The death of Farrah Fawcett has caused a lot of people to write about TV in the late '70s (see Jim Henshaw's post for one of the beest examples) and what it was like. By "the late '70s," I tend to include 1980 and maybe even the early '80s, when there was a recession going on and the '70s air of despair and malaise (tm) was still being felt everywhere. TV was an escape from all that.
It was unquestionably more of a true mass-entertainment medium than it is now; the hit shows back then were watched by many more people than you get for most so-called hits today. The quality of writing and production was, overall, lower than TV today, with some exceptions (situation comedy was probably in better shape then than it is now).
But the most distinctive thing about the era was the style, a strange combination of several trends from earlier in the '70s. The early '70s had loosened network TV censorship a bit, while the mid-'70s tightened censorship again through the imposition of the Family Hour. The mid-to-late '70s was also a period when producers discovered that audiences' tastes actually hadn't changed very much (whereas in the early '70s, it was often assumed that audiences had become more "sophisticated"); this culminated in the success of the totally unsophisticated Star Wars, but it was a lesson Hollywood had been in the process of learning for several years.
So by the late '70s, network TV was able to say and show more than in the '60s, but it was aiming to be even more unsophisticated than TV of the '60s (which, given that that was the era of witches, genies and martians, is really saying something). The new freedom of the early '70s was still there, but it was now channeled into titillation, broad comedy, fantasy and action.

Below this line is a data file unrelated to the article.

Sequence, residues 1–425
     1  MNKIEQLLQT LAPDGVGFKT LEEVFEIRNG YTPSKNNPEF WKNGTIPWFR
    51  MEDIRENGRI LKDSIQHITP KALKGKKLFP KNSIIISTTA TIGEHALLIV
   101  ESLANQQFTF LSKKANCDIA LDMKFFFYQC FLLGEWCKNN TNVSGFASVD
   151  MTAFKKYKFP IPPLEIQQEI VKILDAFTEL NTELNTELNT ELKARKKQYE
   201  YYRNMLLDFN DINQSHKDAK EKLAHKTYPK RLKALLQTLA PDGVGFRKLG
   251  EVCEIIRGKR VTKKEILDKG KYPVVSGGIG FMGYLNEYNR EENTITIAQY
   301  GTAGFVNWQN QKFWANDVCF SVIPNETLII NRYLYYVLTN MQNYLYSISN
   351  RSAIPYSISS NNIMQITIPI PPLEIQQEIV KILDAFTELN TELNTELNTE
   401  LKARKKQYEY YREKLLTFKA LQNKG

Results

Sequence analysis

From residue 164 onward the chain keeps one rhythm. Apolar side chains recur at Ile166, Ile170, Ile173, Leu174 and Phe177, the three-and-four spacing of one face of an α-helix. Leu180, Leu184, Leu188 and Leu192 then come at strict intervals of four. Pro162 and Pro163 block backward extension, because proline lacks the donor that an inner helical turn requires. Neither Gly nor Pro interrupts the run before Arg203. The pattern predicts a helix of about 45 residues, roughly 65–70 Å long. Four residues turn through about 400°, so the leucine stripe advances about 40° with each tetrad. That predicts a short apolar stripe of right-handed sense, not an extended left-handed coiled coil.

It was to television what Star Wars was to movies -- a rebuttal of everything anybody had ever said about the "maturing" of the audience. I say that to describe the era, not to put it down. A lot of these shows, like Star Wars, succeeded because they were very entertaining. More than that, they hold up better as entertainment and even as art (using the term loosely) than the television that critics claimed was Good For You. If it's a choice between Laverne and Shirley and Larry Gelbart's deliberately unfunny comedy United States, the former is much better written. But it was an era when series television was mostly very simple: simple storytelling, simple morality, simple characters.
It was also an un-ironic age of TV, when -- again, like Star Wars -- the most old-fashioned and silly plots would be trotted out and done without any self-mockery. It was the last era when a show could do, without any sense of humor whatsoever, a plot like this from the show Vega$: an evil hypnotist brainwashes the hero's dumb sidekick to kill the hero whenever he hears the trigger word "Superstar." In the '60s, this story would have been done tongue-in-cheek. In the 1979-80 season, it was played absolutely straight:
Even shows that aimed to be sophisticated had to incorporate those "unsophisticated" elements in order to succeed. And sometimes the need to be silly, flashy, and titillating actually improved a show. That's one thing I love about Taxi, that it takes the MTM style -- smart but often a little stolid -- and pumps it full of the things a show needed to be on ABC in the late '70s: broad, kid-friendly silliness (Latka), a beautiful woman who is inappropriately bra-less (Elaine), hunky young guys to keep the women watching (Bobby, Tony, probably not Randall Carver), and out-and-out fantasy (many episodes involving Latka or Jim). The mix of early '70s smart and late '70s goofy produced a great show. WKRP in Cincinnati, which can basically be described as The Mary Tyler Moore Show re-tooled to look like Three's Company, also has that appealing mix of styles.
And of course there was Soap, an "issue" comedy in the early '70s Norman Lear vein, written by the person who wrote the Maude abortion episodes for him, which got by in the late '70s by pumping itself full of titillation, goofiness, fantasy, etc. You literally could not do a smart show in 1977-8 if you weren't willing to make it look stupid, but the stupid elements probably helped make a smart show more interesting.
We'll never see the like of late '70s TV again, except in an ironic sort of way. On the whole, that's probably a good thing, but even a bad late '70s show can be strangely watchable. It was perhaps the last golden age of television showmanship, of scripted TV producers who would do anything to entertain us.